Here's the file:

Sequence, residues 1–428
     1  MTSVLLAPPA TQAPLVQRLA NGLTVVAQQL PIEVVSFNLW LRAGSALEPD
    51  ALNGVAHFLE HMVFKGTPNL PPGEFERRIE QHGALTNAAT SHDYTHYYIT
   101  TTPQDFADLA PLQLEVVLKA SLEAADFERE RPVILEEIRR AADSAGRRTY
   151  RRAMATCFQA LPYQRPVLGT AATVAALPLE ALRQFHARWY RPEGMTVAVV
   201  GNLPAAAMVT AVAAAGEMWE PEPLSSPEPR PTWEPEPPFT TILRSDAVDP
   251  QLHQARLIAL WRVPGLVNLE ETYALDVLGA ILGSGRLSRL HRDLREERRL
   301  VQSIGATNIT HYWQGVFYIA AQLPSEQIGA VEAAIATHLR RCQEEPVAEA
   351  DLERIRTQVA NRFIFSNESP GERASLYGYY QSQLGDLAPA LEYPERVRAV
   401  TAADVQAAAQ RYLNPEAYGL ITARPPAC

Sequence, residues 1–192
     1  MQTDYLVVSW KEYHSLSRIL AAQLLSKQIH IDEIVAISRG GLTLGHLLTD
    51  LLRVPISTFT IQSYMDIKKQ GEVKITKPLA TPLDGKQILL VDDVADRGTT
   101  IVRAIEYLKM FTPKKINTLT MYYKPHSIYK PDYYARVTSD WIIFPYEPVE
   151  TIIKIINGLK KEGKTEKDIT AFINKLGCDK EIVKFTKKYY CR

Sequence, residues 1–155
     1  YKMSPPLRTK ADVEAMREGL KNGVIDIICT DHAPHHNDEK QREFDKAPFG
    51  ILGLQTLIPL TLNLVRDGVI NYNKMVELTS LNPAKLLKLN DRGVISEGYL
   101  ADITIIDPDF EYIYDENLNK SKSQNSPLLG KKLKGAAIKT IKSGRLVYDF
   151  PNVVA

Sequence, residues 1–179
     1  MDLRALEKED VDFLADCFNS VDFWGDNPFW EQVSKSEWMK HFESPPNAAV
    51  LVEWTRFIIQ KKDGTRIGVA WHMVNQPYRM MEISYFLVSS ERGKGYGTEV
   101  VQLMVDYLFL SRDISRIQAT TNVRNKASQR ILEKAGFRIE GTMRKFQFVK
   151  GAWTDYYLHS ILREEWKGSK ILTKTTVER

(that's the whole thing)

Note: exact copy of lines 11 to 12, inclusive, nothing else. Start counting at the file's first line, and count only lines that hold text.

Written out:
Sequence, residues 1–192
     1  MQTDYLVVSW KEYHSLSRIL AAQLLSKQIH IDEIVAISRG GLTLGHLLTD